I recently maxed out my Roth 401K contribution as well and I will be dialing that back a few months before applying to just ensure I get pre-approved.  I also recently asked this question on the mortgage board on how retirement contributions affect pre-approvals and I swear one of the mortgage persons indicated it was not factored in at all. But now I can't find their response to save my life.  lol.  


That seems strange to me.  If Bob and Rick have exactly the same gross pay (let's say 72k or 6k per month) but Bob is putting 30k of that into retirement and Rick is putting only 6k, Bob is going to have a far smaller monthly take-home paycheck with which to afford a mortgage payment.  A fact that will be quite visible when they look at his paychecks, which they do indeed specifically request.

 

That they would complely ignore the difference in their take-home pay seems nuts -- so implausible that it's hard for me to imagine it being true.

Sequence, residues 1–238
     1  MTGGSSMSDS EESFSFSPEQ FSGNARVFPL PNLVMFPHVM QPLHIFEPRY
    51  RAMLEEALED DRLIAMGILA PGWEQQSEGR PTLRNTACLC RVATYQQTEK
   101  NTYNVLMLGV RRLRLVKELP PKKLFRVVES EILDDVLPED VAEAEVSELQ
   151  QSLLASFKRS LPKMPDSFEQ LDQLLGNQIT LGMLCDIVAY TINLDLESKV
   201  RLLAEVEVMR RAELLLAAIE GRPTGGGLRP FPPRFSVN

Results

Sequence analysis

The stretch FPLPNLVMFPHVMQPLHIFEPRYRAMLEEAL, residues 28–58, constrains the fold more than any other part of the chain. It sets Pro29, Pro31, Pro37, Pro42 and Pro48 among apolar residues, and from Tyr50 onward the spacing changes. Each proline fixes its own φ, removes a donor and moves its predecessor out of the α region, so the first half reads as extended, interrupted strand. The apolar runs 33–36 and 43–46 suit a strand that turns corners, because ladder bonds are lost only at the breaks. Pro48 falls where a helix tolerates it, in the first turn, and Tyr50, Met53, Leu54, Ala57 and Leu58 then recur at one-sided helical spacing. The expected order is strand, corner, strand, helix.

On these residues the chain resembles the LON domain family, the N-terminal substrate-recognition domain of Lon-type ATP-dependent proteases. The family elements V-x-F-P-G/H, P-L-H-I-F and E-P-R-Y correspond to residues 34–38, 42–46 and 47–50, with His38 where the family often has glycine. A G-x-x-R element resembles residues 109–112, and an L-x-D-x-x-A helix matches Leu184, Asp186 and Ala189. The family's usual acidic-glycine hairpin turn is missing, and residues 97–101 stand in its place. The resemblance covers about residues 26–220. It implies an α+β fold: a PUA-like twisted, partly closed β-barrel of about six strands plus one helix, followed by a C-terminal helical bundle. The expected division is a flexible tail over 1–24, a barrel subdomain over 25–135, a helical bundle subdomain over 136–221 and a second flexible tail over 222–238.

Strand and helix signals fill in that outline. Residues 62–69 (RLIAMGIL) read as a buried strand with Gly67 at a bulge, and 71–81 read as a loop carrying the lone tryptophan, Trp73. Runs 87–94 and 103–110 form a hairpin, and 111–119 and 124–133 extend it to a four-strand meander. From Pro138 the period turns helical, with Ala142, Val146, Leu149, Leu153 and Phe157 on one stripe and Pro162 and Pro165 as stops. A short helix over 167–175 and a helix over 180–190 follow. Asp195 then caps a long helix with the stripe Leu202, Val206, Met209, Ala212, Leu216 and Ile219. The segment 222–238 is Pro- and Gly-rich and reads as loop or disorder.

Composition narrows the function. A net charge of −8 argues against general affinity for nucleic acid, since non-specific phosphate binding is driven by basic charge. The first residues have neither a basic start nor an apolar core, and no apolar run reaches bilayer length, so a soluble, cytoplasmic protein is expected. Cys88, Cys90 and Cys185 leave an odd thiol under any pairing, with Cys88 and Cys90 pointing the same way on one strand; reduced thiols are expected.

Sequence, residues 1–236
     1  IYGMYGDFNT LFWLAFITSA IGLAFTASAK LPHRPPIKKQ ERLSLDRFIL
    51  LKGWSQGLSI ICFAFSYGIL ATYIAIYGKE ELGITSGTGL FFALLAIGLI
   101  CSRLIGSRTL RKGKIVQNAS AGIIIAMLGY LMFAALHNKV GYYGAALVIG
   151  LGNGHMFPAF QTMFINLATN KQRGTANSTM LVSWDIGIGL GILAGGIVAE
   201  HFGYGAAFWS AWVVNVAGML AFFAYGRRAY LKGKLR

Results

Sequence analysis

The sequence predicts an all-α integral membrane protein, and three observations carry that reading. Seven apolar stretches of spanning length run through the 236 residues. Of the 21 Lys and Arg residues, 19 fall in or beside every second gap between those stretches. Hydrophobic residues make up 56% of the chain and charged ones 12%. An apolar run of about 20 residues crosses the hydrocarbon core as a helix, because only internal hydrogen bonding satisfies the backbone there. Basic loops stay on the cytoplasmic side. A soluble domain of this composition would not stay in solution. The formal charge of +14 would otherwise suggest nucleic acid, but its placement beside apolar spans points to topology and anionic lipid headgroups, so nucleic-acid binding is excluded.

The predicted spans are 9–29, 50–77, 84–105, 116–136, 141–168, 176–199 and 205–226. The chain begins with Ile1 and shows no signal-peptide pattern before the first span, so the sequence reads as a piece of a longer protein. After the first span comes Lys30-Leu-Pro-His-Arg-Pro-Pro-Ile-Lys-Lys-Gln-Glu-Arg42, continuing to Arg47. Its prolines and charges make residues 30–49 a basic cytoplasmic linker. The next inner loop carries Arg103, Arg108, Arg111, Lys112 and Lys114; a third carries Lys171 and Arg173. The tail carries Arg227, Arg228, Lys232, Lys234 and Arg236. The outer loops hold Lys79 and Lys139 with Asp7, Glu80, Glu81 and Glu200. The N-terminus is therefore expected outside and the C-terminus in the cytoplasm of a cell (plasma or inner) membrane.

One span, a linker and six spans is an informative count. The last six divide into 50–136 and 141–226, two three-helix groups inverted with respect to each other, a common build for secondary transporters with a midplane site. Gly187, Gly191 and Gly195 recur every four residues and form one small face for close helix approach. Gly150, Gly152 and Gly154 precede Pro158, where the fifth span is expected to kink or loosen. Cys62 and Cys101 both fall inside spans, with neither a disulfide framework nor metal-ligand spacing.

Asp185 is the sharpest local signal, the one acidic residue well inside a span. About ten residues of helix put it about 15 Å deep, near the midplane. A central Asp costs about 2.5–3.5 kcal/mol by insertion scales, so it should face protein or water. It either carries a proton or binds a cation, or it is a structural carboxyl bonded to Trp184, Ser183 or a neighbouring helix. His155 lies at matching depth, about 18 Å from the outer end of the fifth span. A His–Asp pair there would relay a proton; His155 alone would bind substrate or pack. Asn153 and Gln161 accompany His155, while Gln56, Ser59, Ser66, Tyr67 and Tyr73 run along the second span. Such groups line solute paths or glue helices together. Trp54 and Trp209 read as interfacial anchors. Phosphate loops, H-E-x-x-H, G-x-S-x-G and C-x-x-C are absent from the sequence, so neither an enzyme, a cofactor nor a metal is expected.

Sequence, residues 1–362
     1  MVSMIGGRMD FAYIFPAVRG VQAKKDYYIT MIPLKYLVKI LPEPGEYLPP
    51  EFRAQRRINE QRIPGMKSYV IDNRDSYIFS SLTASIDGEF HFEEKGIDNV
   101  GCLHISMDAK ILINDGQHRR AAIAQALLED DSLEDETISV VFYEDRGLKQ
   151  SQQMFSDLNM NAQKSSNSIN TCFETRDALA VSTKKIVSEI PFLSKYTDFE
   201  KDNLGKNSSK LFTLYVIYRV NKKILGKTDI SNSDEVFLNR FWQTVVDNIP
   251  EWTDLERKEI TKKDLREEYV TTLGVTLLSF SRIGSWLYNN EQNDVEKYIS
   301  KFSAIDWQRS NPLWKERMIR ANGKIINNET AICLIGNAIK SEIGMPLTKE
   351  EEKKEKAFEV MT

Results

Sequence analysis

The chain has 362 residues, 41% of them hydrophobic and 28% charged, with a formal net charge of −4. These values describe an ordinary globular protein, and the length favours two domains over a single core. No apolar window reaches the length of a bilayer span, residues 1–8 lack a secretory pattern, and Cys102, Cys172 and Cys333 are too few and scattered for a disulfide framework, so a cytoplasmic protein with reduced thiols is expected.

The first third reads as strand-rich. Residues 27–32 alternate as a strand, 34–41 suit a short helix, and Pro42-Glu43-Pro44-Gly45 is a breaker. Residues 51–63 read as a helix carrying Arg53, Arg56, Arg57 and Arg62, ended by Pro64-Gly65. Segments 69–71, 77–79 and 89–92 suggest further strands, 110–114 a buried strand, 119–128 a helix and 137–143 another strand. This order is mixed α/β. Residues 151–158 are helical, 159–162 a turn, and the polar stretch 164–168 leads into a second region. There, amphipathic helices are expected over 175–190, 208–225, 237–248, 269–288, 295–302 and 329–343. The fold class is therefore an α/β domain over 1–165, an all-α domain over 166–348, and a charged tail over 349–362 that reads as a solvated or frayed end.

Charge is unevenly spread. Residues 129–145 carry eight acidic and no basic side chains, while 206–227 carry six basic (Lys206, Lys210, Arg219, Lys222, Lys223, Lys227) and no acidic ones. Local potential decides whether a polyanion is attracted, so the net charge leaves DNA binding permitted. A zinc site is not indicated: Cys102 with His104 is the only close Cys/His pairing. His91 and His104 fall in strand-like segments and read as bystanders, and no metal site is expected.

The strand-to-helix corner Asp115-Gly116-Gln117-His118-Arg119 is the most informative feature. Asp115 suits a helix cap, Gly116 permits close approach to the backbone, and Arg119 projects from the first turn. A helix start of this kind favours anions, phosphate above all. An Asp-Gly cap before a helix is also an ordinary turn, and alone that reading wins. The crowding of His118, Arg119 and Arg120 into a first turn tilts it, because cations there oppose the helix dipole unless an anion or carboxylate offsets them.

Established Contributor

Re: Budgeting for a home


That seems strange to me.  If Bob and Rick have exactly the same gross pay (let's say 72k or 6k per month) but Bob is putting 30k of that into retirement and Rick is putting only 6k, Bob is going to have a far smaller monthly take-home paycheck with which to afford a mortgage payment.  A fact that will be quite visible when they look at his paychecks, which they do indeed specifically request.

 

That they would complely ignore the difference in their take-home pay seems nuts -- so implausible that it's hard for me to imagine it being true.


 

This doesn't sound so strange to me since reitrement withholdings are (unfortunately) voluntary for most people. I do think they should ask if it's optional rather than assume, but if Bob and Rick are making the same and Bob's putting away a lot more for retirement, it's not obliged debt and Bob can just as easily stop putting that much away tomorrow if it means the bank can siphon it away for a bigger mortgage (interest) payment. It's available as far as they're concerned.